Monday, May 25, 2015
Does Old Earth Creationism Compromise Scripture?
A couple weeks ago I was browsing a science and theology group on Facebook where someone had asked the question,"I've always been told that OEC (old earth creationism) is a compromising position biblically speaking. Can anyone OEC clarify?" As I've discussed in previous posts, it is important that Christians investigate the whole of their worldview to develop a more accurate understanding of who God is (and what He has done) and to ensure that they are defending what is true when evangelizing and discussing in the public market place of ideas. I am a Christian who believes that the universe is not only 6000 years old (a young-earth creationist position- YEC), but rather I believe that the universe is roughly 13.7 billion years old (an old-earth creationist position- OEC).
The accusation from many YEC organizations that OEC compromises scripture is a damning one for the OEC's understanding of who God is and also could be quite disastrous in evangelism and discussion if it is false. Those who have read this blog for a while, know that I do defend the OEC view. Off and on, I've addressed various accusations of compromise; however, I have never really compiled them into a single post for easy access and further research. My response to the question posed on Facebook (unwittingly) gave me the opportunity (a fellow member of the group suggested that I make the comment into a post). I have cleaned up the original comment and added some more content.
The Accusations of Compromise
The accusation that OEC's compromise scripture comes from several misunderstandings of the view and misunderstandings of the Christian worldview, in general.
1. Historically and Literally
First, YECs (not all) tend to believe that all OEC views do not take the Genesis 1-11 accounts as history or literally. While there are some views that do accurately represent theistic evolutionary views, OEC is not theistic evolution, so it does not apply. Most OEC views believe that those passages record real history and take the passages literally. It is important to understand that many of the words have many different literal meanings in ancient Hebrew. This is a detail that many YECs do not necessarily recognize, so they believe that anyone who does not agree with their interpretation of a word is necessarily not interpreting it literally (the false dichotomy of "man's word vs God's Word" is closely related to this- addressed further down). For more on an argument for the historicity of the Scripture and against any view that does not take Genesis 1-11 to be historical, I recommend this book:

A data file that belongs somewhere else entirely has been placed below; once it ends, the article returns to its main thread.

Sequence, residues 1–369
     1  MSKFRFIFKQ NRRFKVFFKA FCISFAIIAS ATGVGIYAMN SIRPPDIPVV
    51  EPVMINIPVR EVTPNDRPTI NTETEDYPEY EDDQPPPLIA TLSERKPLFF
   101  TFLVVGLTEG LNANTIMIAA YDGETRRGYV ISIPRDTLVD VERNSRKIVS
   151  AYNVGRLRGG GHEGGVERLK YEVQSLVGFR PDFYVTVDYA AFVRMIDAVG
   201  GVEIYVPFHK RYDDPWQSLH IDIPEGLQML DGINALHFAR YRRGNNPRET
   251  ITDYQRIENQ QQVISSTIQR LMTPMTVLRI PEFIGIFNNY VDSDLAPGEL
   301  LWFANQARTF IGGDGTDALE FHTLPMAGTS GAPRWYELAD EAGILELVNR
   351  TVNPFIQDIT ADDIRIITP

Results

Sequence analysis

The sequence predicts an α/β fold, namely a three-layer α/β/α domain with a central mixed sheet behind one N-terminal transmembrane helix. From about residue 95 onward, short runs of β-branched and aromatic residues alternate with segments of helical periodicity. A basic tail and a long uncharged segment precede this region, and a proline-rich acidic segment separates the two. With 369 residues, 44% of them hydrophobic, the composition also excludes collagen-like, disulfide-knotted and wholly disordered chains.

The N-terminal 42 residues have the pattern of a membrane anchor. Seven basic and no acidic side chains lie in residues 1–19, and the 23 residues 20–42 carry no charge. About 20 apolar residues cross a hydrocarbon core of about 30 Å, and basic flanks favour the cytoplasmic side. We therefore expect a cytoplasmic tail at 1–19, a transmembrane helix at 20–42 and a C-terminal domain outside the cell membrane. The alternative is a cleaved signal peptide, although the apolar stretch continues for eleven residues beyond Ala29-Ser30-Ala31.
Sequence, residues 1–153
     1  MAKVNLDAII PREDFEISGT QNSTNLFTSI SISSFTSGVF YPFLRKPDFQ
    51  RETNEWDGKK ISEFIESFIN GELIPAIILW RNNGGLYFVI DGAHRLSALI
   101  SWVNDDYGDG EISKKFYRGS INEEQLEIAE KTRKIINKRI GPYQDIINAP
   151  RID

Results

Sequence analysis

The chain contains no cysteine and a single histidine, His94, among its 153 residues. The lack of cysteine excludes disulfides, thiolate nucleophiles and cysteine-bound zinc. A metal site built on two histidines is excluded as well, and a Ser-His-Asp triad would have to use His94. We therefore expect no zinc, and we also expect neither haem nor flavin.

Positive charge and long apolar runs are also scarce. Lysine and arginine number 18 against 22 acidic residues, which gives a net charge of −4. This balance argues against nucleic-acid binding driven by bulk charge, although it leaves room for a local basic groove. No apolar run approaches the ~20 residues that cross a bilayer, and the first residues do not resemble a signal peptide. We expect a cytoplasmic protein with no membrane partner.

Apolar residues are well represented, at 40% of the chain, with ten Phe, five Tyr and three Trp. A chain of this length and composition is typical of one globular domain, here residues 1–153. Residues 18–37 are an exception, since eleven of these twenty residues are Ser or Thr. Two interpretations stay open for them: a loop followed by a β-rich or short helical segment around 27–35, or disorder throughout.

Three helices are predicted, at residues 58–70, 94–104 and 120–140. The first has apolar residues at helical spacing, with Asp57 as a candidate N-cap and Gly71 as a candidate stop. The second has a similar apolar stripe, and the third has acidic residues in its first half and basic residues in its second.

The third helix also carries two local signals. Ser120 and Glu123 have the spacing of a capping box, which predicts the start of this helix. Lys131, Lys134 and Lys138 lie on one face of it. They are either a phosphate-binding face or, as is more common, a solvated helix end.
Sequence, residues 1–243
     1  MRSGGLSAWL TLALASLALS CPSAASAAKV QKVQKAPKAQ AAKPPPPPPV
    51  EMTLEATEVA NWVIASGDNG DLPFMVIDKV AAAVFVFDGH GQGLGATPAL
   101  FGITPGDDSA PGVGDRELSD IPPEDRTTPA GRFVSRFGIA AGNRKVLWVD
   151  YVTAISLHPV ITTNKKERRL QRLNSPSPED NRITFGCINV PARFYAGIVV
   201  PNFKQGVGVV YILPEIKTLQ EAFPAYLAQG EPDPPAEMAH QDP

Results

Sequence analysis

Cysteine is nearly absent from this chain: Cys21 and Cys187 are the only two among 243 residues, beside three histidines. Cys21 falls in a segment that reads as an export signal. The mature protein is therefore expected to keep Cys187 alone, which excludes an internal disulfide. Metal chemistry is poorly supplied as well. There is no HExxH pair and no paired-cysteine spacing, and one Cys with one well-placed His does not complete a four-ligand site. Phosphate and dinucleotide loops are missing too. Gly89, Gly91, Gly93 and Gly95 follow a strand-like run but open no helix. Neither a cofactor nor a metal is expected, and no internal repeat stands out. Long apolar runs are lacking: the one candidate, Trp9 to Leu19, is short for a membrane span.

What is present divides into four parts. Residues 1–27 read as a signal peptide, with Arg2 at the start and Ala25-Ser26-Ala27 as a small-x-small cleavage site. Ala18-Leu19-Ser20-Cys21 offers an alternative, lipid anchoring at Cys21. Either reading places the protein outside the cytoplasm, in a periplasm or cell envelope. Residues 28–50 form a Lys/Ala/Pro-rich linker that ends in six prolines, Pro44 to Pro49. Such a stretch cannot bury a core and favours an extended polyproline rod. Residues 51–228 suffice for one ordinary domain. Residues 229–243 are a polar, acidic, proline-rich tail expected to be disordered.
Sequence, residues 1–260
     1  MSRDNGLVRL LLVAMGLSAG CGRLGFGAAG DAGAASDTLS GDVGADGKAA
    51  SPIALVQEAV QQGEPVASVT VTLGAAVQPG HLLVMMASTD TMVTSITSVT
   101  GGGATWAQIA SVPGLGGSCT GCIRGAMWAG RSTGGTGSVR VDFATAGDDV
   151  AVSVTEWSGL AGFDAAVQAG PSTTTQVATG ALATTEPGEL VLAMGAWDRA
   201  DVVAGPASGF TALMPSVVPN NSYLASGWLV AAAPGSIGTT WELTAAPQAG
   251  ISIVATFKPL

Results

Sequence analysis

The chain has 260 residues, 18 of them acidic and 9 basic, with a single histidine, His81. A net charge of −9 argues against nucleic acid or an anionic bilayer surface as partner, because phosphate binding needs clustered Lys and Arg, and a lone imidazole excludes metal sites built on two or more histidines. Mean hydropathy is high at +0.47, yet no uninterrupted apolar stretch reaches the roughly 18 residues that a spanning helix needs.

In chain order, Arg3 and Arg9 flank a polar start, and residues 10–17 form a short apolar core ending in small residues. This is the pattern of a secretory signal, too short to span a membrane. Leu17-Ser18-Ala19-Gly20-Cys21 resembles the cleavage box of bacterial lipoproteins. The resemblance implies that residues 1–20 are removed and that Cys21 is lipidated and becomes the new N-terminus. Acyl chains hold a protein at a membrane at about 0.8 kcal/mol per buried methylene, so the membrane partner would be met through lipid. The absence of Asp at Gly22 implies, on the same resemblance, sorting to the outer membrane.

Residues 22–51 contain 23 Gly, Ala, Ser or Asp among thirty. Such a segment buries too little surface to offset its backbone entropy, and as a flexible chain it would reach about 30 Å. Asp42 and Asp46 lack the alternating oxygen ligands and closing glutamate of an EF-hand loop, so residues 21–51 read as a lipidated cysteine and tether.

The Bible Among The Myths
The particular OEC view that I support is the one offered by Reasons to Believe. Dr. Hugh Ross defends his historical and literal interpretation of Genesis 1-11 in his recent books:
More Than A Theory
A Matter of Days
Ken Ham (of YEC organization Answers in Genesis) has also gone on record as saying that rejecting his literal interpretation of Genesis 1-11 compromises scripture's authority by leading to denying homosexuality is a sin and accepting gay marriage. I address that in this post:
Unrecognized Agreement and Unity
2. Biological Evolution
Second, YECs (not all) tend to believe that OEC necessitates evolution. Genesis 1-2 does not seem to leave much (if any) room for biological evolution, so any view that affirms it cannot affirm the historicity of the accounts, thus they compromise scripture (so the argument goes). It is correct that OEC does allow for God to work through natural processes to form the current state of the universe; however, only naturalism allows for a necessary connection between cosmic evolution and biological (molecules to man) evolution. Two things stand in the way of that connection: life and agency. For more on these two, I highly recommend these two books, respectively:
Origins of Life
Agents Under Fire
Since OEC does not require biological evolution, then it cannot be concluded that acceptance of biological evolution is necessary. That alone is enough to remove the accusation of compromise on that count; however, some have argued that the text does leave a little wiggle-room for biological evolution in the animal kingdom, but none for getting humans from animals (which is the major concern, anyway). For more on the historical Adam, see this book (new edition scheduled in fall of 2015):
Who Was Adam?
3. "Very Good"